services sector. This includes (re)insurance groups, ILS funds and other third-party asset management businesses.
The possible impact of the DPT on the insurance industry will become clearer following the consultation on the draft
legislation. As it currently stands, one can see a potential impact on an arrangement, where a UK intermediary
analyses and negotiates an insurance policy with a potential cedant or its broker on a non-binding basis, and then
sends a detailed proposal to its non-UK insurance company client for review, finalisation of the contract and, if thought
appropriate, conclusion.
Another scenario, that is less obviously within the sight lines of the DPT but may be potentially vulnerable, concerns a
common feature of a multinational (re)insurance group whereby a UK business provides sales and marketing services
to a foreign affiliated risk carrier. Typically, any useful contacts with potential insureds or their brokers identified by the
UK entity will be immediately referred to the fellow group member for taking forward by its foreign underwriting team.
The UK activity would not usually go any way down the path of discussing the terms of a particular piece of business.
It is unclear whether the DPT is intended to apply at all in that situation and, if so, what proportion of the non-UK
insurer’s profits would be taxed.
Importantly, the DPT under the first limb is not triggered unless there are supplies to “customers in the UK” made by
the company (together with connected companies) that exceed £10 million per annum. This term is not defined in the
draft legislation and it is not clear what UK nexus is envisaged here, but it may offer some protection to (re)insurance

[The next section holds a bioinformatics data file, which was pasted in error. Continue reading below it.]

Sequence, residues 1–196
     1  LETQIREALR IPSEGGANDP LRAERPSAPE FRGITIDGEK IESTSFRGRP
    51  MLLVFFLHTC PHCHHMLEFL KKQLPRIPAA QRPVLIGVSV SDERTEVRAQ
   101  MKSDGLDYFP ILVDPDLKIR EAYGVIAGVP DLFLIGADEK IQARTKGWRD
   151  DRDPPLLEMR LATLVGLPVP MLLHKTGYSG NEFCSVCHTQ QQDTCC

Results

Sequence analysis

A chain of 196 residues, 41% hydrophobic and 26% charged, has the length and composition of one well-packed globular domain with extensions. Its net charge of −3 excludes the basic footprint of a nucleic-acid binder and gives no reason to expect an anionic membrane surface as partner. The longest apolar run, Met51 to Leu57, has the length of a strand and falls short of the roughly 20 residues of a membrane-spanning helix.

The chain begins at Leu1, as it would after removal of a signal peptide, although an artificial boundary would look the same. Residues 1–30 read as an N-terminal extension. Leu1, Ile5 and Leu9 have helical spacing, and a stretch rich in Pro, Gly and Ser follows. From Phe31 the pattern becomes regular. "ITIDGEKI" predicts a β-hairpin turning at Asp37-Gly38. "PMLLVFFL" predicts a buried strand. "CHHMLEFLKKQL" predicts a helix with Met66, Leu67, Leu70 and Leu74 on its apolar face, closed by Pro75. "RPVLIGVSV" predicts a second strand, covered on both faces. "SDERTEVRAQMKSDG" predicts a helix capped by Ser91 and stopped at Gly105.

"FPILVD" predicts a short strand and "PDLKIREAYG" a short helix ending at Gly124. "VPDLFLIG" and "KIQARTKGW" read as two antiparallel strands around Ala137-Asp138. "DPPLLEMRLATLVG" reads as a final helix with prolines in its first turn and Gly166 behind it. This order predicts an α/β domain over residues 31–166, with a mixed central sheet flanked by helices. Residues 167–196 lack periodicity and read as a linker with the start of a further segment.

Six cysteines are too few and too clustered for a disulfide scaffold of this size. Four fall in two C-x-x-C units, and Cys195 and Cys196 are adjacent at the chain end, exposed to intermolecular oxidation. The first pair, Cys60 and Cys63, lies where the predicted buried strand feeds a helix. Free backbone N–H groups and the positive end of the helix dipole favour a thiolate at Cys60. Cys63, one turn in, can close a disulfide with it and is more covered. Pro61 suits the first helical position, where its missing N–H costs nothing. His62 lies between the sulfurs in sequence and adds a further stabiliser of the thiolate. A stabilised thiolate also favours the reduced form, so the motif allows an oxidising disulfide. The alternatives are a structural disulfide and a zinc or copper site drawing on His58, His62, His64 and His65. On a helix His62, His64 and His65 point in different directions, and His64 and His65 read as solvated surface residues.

businesses writing policies in the London market for international customers.
The current corporation tax permanent establishment exception for an independent agent acting in the ordinary course
of its business will also apply to the DPT under the first limb, provided (unless the agent is protected by the investment
manager exemption (IME) or the independent broker safe harbour) that the avoided PE and non-resident company
are not connected with each other.
Impact of the New UK Diverted Profits Tax on the London Insurance Market
Critical Response
The DPT measure may come under international pressure. It arguably undermines the current network of double tax
treaties with the UK and/or the European Union freedom of establishment principle. There might be scope for a
company that is resident in an EU or treaty jurisdiction to challenge a DPT liability on that basis.
Furthermore, the measure effectively jumps the gun on efforts by the Organisation for Economic Co-operation and
Development (OECD) to coordinate multilateral action on international tax rules through the Base Erosion and Profit